FORWARD OPERATING BASE DELHI, Afghanistan — The ragged dartboard nestled between camouflage uniform items and a giant American flag has seen better days.Thousands of tiny holes pockmark its aged cork scoring area. An ever-increasing growth is swelling just above its bull’s eye, courtesy of the tiny spotlight illuminating it from above. The thin piece of plywood it hangs on is barely a wall, but it holds the room’s most important item.
Hanging in a tiny office hewn out of Hesco barriers, the dartboard is a haven of relaxation for U.S. Marines and Army soldiers after another day on deployment in Helmand province’s Garmsir district.
Though the nightly matches began as a way for three Military Information Support Operations soldiers to unwind after finishing their work, they slowly evolved into a spirited competition with their Marine counterparts.
Rather than playing video games or watching movies every night, they frequently opt for this simple source of entertainment. Marine Cpl. Robert Garcia jokingly refers to the dart board as their best entertainment alternative since “a pool table wouldn’t fit in the office.”
The three MISO soldiers — currently working in support of 3rd Battalion, 3rd Marine Regiment — are a rare commodity on the Marine base. Despite their autonomy, they’re determined to earn bragging rights through their dart-throwing dexterity.
“The Marines are both professional and proud, so I try to show them somebody else can be better than them in other disciplines when we play darts,” said Army Sgt. Pedro Reyesmontiel, a MISO team leader supporting 3/3 and 42-year-old native of Cleveland, Ohio. “I love seeing the desperation on their faces when they’re losing a game to a soldier.”
Long before any darts are thrown, the Marines and soldiers trade jabs, offer sarcasm and boast with unwavering confidence about the results of the night’s upcoming games.
Army Cpl. Timothy Walker, an assistant MISO team leader and 30-year-old native of Mentor, Ohio, jokes that the soldiers are still “looking for a few good men” to challenge them to a game of darts.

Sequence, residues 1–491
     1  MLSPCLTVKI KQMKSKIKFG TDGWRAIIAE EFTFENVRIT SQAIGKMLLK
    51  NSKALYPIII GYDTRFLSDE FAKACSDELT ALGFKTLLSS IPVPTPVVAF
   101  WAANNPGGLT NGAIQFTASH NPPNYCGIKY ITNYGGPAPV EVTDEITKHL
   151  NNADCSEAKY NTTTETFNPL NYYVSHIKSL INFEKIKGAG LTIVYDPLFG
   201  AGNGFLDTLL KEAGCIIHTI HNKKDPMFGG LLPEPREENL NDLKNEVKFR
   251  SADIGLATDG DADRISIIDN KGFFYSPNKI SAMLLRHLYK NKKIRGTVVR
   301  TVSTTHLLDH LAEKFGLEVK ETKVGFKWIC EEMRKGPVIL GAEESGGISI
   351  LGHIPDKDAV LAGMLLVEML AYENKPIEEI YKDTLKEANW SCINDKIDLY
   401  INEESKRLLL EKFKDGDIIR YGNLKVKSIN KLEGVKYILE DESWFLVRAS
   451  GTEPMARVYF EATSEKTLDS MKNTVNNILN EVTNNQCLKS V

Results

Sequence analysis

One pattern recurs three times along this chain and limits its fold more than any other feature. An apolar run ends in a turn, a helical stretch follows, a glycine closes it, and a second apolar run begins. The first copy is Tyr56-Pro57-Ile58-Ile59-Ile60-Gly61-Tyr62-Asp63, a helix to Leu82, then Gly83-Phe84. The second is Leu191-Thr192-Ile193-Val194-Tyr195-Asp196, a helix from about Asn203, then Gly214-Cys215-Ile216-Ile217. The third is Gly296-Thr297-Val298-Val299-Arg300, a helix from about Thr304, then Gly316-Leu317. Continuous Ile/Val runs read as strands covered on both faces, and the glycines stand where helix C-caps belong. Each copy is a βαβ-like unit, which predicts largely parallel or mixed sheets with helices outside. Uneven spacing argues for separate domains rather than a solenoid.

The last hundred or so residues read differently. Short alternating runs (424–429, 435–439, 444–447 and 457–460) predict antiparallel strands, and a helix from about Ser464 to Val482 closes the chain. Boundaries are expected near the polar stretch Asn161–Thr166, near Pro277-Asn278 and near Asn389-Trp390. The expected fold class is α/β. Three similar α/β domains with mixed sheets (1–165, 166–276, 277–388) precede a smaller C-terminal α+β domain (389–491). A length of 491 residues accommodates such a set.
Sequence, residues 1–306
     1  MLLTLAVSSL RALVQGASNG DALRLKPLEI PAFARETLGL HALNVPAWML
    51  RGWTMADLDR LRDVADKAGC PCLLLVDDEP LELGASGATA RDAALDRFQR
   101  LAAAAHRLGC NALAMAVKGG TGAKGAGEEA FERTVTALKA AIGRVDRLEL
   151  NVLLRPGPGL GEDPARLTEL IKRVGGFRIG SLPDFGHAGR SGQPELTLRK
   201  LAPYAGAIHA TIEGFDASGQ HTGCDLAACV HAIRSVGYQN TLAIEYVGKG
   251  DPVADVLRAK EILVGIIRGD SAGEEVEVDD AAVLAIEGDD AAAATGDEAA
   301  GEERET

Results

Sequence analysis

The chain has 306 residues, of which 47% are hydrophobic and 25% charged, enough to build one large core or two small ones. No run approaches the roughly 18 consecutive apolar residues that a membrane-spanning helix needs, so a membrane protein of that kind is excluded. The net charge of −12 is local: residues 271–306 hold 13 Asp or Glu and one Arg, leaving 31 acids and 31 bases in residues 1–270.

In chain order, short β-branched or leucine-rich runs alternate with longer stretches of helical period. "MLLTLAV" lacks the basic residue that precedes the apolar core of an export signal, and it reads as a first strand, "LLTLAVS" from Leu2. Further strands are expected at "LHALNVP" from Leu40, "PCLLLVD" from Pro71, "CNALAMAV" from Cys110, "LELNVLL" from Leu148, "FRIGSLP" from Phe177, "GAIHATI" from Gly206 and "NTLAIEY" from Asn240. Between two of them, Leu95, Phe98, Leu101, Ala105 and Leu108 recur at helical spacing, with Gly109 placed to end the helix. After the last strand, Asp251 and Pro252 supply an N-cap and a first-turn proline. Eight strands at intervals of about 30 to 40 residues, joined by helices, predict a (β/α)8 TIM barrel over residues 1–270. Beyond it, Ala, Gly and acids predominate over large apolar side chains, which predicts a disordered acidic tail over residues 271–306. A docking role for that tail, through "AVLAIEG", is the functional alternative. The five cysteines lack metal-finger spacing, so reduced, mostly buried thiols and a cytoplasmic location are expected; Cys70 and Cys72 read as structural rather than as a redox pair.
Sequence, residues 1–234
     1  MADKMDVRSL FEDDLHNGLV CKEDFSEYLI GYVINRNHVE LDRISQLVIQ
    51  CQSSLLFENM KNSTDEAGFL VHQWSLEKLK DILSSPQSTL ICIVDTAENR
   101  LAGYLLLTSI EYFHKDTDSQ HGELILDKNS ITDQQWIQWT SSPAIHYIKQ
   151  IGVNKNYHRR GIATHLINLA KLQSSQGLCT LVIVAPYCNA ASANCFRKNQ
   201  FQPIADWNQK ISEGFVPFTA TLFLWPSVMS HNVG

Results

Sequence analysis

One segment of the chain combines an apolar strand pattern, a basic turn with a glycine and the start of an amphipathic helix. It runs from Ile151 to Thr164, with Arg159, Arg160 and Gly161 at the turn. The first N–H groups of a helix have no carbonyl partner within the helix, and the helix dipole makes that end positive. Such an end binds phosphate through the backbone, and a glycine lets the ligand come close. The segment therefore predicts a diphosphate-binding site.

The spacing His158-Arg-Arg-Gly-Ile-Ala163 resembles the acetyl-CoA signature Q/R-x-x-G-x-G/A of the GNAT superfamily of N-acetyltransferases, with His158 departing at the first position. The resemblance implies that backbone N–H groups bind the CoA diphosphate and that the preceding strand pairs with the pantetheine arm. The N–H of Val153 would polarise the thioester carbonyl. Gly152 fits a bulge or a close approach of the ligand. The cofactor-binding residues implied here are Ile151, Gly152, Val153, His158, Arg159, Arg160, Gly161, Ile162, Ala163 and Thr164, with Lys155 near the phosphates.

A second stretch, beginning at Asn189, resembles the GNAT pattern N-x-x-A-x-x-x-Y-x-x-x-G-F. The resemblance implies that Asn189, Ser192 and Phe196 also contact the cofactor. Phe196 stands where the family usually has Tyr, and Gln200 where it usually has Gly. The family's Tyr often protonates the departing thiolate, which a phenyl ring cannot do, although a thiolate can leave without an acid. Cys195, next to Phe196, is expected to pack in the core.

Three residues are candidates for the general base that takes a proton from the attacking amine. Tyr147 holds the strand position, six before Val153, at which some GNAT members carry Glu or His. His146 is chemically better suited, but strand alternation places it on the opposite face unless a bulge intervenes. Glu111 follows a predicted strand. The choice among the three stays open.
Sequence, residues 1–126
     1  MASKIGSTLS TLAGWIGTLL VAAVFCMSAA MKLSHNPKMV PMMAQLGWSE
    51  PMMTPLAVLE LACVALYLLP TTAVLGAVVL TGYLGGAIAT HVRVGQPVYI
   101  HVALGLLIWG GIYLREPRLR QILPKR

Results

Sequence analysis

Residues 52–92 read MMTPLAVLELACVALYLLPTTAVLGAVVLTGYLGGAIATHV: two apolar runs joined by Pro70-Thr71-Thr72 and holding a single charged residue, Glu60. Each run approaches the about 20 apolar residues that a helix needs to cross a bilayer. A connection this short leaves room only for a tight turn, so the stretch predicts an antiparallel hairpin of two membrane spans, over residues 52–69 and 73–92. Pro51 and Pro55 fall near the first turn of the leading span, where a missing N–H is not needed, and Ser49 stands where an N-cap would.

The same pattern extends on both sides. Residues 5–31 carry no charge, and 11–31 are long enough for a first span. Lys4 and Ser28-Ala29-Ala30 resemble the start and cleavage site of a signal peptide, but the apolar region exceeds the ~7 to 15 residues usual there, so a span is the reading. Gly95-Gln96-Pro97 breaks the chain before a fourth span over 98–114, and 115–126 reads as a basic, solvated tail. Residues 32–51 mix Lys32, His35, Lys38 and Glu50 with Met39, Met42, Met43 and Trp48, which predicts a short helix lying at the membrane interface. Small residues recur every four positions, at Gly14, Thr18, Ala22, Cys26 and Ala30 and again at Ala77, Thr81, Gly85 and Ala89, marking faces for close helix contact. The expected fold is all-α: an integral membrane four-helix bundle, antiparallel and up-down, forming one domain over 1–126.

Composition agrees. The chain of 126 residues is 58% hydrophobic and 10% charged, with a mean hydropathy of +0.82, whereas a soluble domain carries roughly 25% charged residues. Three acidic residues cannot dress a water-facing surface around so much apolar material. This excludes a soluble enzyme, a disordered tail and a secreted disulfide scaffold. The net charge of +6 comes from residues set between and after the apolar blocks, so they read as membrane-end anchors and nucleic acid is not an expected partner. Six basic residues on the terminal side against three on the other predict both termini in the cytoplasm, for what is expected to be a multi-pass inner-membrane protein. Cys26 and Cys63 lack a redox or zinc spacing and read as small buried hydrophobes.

Refusing to be outdone, Garcia accuses Reyesmontiel of failing to hit the dartboard and encourages his fellow Marines to stay clear of the “danger zone” for fear of being struck by an errant throw.
The inter-service competitors welcome the constant flow of animated dialogue and relentless rivalry surrounding their dart games. The friendly competition is a breath of fresh air amid the work atmosphere from which they are rarely able to step away.
“This helps us learn each other’s personalities, which creates a more relaxed work environment and builds camaraderie between us,” said Garcia, a radio operator with Headquarters and Service Company, 3/3, and 21-year-old native of Lake Forest, Calif.
Once their work is done, the darts are drawn and the competitors dive into their highly anticipated games. Though they play for victory and bragging rights, the mental break, which Walker called a “morale booster,” is something on which they can all agree.
“Playing darts helps us kill some time before going to sleep, and to blow off some steam after putting up with the crap we had to that day,” Garcia said.
As the soldiers eye the end of their deployment and the Marines near theirs as well, they embrace the brief moment to set aside the stresses of the day.
“At the end of the day, a couple of games of darts are a good distraction,” Garcia said. “They keep my mind off of worrying about going home.”
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